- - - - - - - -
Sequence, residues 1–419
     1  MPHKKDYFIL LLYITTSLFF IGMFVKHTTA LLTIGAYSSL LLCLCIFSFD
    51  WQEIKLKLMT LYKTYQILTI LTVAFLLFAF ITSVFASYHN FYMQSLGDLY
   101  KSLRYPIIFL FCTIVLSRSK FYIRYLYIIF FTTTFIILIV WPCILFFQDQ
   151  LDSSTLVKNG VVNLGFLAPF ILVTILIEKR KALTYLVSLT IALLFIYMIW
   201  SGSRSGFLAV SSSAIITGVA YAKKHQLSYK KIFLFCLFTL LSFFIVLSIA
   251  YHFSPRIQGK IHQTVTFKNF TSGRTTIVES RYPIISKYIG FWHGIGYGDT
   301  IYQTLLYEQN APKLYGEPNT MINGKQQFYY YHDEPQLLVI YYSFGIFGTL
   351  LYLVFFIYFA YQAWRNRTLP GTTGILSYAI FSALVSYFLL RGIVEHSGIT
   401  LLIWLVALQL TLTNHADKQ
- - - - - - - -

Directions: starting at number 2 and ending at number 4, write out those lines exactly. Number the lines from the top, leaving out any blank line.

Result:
     1  MPHKKDYFIL LLYITTSLFF IGMFVKHTTA LLTIGAYSSL LLCLCIFSFD
    51  WQEIKLKLMT LYKTYQILTI LTVAFLLFAF ITSVFASYHN FYMQSLGDLY
   101  KSLRYPIIFL FCTIVLSRSK FYIRYLYIIF FTTTFIILIV WPCILFFQDQ